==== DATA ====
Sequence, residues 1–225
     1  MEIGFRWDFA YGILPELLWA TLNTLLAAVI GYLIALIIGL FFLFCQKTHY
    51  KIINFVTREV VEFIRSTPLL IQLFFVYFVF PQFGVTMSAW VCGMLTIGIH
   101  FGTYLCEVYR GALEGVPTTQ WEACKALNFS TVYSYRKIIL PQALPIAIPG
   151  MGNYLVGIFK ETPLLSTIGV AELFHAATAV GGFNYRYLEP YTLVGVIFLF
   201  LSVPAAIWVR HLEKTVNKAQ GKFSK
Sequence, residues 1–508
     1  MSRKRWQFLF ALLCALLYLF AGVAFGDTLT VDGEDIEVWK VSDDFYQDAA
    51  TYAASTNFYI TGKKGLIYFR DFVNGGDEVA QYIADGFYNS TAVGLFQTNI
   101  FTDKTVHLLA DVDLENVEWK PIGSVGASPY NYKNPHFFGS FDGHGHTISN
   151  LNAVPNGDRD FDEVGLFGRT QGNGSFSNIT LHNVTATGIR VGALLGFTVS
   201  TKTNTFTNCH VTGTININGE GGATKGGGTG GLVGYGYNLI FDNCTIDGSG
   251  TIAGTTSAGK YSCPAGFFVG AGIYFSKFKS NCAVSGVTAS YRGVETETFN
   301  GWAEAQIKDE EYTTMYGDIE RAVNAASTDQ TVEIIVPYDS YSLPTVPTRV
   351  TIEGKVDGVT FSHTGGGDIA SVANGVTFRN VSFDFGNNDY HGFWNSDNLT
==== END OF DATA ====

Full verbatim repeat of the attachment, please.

Sequence, residues 1–225
     1  MEIGFRWDFA YGILPELLWA TLNTLLAAVI GYLIALIIGL FFLFCQKTHY
    51  KIINFVTREV VEFIRSTPLL IQLFFVYFVF PQFGVTMSAW VCGMLTIGIH
   101  FGTYLCEVYR GALEGVPTTQ WEACKALNFS TVYSYRKIIL PQALPIAIPG
   151  MGNYLVGIFK ETPLLSTIGV AELFHAATAV GGFNYRYLEP YTLVGVIFLF
   201  LSVPAAIWVR HLEKTVNKAQ GKFSK
Sequence, residues 1–508
     1  MSRKRWQFLF ALLCALLYLF AGVAFGDTLT VDGEDIEVWK VSDDFYQDAA
    51  TYAASTNFYI TGKKGLIYFR DFVNGGDEVA QYIADGFYNS TAVGLFQTNI
   101  FTDKTVHLLA DVDLENVEWK PIGSVGASPY NYKNPHFFGS FDGHGHTISN
   151  LNAVPNGDRD FDEVGLFGRT QGNGSFSNIT LHNVTATGIR VGALLGFTVS
   201  TKTNTFTNCH VTGTININGE GGATKGGGTG GLVGYGYNLI FDNCTIDGSG
   251  TIAGTTSAGK YSCPAGFFVG AGIYFSKFKS NCAVSGVTAS YRGVETETFN
   301  GWAEAQIKDE EYTTMYGDIE RAVNAASTDQ TVEIIVPYDS YSLPTVPTRV
   351  TIEGKVDGVT FSHTGGGDIA SVANGVTFRN VSFDFGNNDY HGFWNSDNLT